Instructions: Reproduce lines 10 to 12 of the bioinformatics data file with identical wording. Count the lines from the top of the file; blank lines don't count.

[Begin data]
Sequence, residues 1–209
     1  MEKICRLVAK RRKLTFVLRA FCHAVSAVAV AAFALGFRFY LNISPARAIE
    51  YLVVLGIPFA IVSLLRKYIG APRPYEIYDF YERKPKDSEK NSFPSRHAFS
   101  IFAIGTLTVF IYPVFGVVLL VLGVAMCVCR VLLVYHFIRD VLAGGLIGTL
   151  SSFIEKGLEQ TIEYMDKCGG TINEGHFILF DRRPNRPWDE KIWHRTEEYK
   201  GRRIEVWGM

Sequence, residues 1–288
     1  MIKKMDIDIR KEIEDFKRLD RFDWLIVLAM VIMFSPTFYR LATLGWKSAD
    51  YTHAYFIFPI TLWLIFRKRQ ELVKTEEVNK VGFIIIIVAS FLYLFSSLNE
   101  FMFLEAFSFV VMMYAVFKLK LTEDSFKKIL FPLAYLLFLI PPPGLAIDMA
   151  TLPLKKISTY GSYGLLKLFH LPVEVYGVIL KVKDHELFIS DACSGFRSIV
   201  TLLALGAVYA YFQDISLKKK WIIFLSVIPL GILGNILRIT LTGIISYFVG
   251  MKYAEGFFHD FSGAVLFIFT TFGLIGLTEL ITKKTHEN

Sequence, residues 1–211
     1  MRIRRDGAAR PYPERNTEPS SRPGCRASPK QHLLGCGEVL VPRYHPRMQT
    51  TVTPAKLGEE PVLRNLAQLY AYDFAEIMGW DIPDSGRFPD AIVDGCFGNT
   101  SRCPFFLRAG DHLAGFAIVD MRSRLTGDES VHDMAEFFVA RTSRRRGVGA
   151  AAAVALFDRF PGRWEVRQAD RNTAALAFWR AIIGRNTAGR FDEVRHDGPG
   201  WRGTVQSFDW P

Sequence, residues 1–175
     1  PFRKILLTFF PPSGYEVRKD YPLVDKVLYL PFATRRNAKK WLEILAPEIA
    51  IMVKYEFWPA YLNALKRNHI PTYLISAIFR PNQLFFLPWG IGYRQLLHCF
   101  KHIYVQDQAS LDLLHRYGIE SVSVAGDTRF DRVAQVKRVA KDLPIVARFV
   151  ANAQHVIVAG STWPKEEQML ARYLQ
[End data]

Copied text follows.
   101  FMFLEAFSFV VMMYAVFKLK LTEDSFKKIL FPLAYLLFLI PPPGLAIDMA
   151  TLPLKKISTY GSYGLLKLFH LPVEVYGVIL KVKDHELFIS DACSGFRSIV
   201  TLLALGAVYA YFQDISLKKK WIIFLSVIPL GILGNILRIT LTGIISYFVG